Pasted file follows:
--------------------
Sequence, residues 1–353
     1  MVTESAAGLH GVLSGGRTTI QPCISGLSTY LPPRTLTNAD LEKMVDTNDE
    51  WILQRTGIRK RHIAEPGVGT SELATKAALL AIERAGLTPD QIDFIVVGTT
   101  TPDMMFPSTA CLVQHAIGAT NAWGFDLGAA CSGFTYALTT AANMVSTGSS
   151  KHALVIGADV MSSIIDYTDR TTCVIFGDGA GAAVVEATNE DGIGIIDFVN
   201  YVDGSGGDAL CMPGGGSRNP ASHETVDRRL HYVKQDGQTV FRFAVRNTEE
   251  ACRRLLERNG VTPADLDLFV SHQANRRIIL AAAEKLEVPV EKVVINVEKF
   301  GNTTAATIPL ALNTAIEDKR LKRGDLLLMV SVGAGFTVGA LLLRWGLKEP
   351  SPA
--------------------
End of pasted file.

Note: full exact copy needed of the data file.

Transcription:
Sequence, residues 1–353
     1  MVTESAAGLH GVLSGGRTTI QPCISGLSTY LPPRTLTNAD LEKMVDTNDE
    51  WILQRTGIRK RHIAEPGVGT SELATKAALL AIERAGLTPD QIDFIVVGTT
   101  TPDMMFPSTA CLVQHAIGAT NAWGFDLGAA CSGFTYALTT AANMVSTGSS
   151  KHALVIGADV MSSIIDYTDR TTCVIFGDGA GAAVVEATNE DGIGIIDFVN
   201  YVDGSGGDAL CMPGGGSRNP ASHETVDRRL HYVKQDGQTV FRFAVRNTEE
   251  ACRRLLERNG VTPADLDLFV SHQANRRIIL AAAEKLEVPV EKVVINVEKF
   301  GNTTAATIPL ALNTAIEDKR LKRGDLLLMV SVGAGFTVGA LLLRWGLKEP
   351  SPA